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We study the problem of finding optimal correlated equilibria of various sorts: normalform coarse correlated equilibrium (NFCCE), extensiveform coarse correlated equilibrium (EFCCE), and extensiveform correlated equilibrium (EFCE). This is NPhard in the general case and has been studied in special cases, most notably trianglefree games (Farina & Sandholm 2020), which include all twoplayer games with public chance moves. However, the general case is not well understood, and algorithms usually scale poorly. In this paper, we make two primary contributions. First, we introduce the correlation DAG, a representation of the space of correlated strategies whose structure and size are dependent on the specific solution concept desired. It extends the team belief DAG of Zhang et al (2022) to generalsum games. For each of the three solution concepts, its size depends exponentially only on a parameter related to the information structure of the game. We also prove a fundamental complexity gap: while our size bounds for NFCCE are similar to those achieved in the case of team games by Zhang et al (2022), this is impossible to achieve for the other two concepts under standard complexity assumptions. Second, we propose a twosided column generation approach to compute optimal correlated strategies in extensiveform games. Our algorithm improves upon the onesided approach of Farina et al (2021a) by means of a new decomposition of correlated strategies which allows players to reoptimize their sequenceform strategies with respect to correlation plans which were previously added to the support. Experiments show that our techniques outperform the prior state of the art for computing optimal generalsum correlated equilibria, and that our two families of approaches have complementary strengths: the correlation DAG is fast when the parameter is small and the twosided column generation approach is superior when the parameter is large. 
Brian Zhang · Gabriele Farina · Andrea Celli · Tuomas Sandholm 🔗 


General sum stochastic games with networked information flow
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Inspired by naturally emerging networks of reinforcement learning problems in operation sectors such as supply chains, epidemics, and social networks, we present a stochastic game formulation with networked reward and transition dependencies for multiagent reinforcement learning (MARL). Despite the rapid development of MARL algorithms, the majority of research efforts are motivated by settings where each pair of players is either collaborating or fully competing. However, in many largescale networked systems, pairs of interacting players experience general sumtype objectives players must collaborate for total profit maximization and locally compete for individual profit maximization. In contrast to popular MARL benchmark environments, stochastic games with general sum objectives have received relatively less attention, in part due to the lack of motivating application and toy examples. In this paper, we address the lack of motivating examples by presenting a networked stochastic game framework with pairwise general sum objectives and relating the framework to operation sector systems such as supply chains. We discuss specific game features that distinguish this type of stochastic game from existing canonical stochastic game models and specifically outline the impact of these features on the adaptation of popular multiagent learning paradigms such as individual learning and centralized learning decentralized execution. We conclude with a two player supply chain to benchmark existing MARL algorithms and to contextualize the challenges at hand.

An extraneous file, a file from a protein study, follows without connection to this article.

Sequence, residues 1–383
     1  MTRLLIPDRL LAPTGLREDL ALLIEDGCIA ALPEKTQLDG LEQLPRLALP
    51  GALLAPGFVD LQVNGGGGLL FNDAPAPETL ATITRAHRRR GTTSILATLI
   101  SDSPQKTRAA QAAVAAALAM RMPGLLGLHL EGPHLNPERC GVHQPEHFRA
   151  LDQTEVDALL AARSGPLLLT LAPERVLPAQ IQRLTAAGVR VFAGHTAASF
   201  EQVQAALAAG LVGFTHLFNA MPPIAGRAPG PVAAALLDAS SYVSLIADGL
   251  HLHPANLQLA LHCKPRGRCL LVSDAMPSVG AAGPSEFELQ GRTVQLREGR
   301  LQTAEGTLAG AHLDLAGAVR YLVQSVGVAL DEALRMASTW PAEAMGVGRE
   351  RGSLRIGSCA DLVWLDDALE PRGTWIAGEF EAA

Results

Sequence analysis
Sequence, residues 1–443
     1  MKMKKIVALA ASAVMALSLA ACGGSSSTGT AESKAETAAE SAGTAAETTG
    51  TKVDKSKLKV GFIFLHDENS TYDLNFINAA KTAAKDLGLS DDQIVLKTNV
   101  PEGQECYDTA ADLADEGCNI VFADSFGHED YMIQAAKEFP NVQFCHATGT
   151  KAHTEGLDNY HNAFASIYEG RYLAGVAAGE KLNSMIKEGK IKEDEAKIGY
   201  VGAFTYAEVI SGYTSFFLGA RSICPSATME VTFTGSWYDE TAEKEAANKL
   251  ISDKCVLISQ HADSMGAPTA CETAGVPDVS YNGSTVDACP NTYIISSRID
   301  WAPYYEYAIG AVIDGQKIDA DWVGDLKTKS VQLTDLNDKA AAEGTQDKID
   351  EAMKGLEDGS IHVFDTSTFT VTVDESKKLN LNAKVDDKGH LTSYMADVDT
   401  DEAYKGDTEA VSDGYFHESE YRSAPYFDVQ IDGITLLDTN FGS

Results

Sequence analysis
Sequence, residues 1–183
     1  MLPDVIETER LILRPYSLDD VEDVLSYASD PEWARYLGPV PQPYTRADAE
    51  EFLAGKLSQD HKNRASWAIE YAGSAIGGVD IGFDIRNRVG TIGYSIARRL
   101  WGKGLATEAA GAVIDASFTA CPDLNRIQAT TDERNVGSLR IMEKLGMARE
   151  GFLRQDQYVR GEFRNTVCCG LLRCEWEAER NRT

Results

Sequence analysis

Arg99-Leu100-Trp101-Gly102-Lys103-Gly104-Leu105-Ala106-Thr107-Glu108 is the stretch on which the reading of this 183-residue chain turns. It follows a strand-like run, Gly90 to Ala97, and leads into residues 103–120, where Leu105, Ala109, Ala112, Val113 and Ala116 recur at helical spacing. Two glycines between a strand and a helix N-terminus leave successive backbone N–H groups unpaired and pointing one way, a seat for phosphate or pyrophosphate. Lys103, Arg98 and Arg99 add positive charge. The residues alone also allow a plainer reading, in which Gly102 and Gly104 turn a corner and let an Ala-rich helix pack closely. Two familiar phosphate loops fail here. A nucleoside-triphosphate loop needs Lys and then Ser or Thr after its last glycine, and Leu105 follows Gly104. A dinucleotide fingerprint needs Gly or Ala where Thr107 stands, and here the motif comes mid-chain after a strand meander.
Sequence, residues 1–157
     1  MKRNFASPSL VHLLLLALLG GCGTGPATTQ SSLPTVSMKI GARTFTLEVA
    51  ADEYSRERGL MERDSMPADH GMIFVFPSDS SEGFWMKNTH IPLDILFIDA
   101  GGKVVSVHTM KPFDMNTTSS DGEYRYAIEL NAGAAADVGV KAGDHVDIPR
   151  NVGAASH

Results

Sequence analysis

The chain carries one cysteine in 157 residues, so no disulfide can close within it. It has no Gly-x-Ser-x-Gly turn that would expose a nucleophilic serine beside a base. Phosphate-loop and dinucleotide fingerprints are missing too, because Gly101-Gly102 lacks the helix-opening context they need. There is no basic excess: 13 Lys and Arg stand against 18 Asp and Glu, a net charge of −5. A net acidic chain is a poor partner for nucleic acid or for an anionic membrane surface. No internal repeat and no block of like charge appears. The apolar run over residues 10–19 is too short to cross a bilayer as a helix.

Sarah Li · Lillian J Ratliff · Peeyush Kumar 🔗 


Finding and only finding local Nash equilibria by both pretending to be a follower
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Finding local Nash equilibria in twoplayer differentiable games is a classical problem in game theory with important relevance in machine learning. We propose double FollowtheRidge (doubleFTR), an algorithm whose attracting critical points are equivalent to differential Nash equilibria in generalsum twoplayer differential games. To our knowledge, doubleFTR is the first algorithm with such guarantees for generalsum games. Furthermore, we show that by varying its preconditioner, doubleFTR leads to a broader family of algorithms with the same properties. DoubleFTR avoids oscillation near equilibria due to the realeigenvalues of its Jacobian at critical points. Finally, we empirically verify the effectiveness of doubleFTR in finding local Nash equilibria in two simple examples. 
Xuchan Bao · Guodong Zhang 🔗 


Automated equilibrium analysis of 2x2x2 games
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The set of all Nash equilibria of a noncooperative game with more than two players is defined by equations and inequalities between nonlinear polynomials, which makes it challenging to compute. This paper presents an algorithm that computes this set for the simplest game with more than two players with arbitrary (possibly nongeneric) payoffs, which has not been done before. We give new elegant formulas for completely mixed equilibria, and compute visual representations of the bestresponse correspondences and their intersections, which define the Nash equilibrium set. These have been implemented in Python and will be part of a public webbased software for automated equilibrium analysis. For small games, which are often studied in economic models, a complete Nash equilibrium analysis is desirable and should be feasible. This project demonstrates the complexity of this task and offers pathways for extensions to larger games.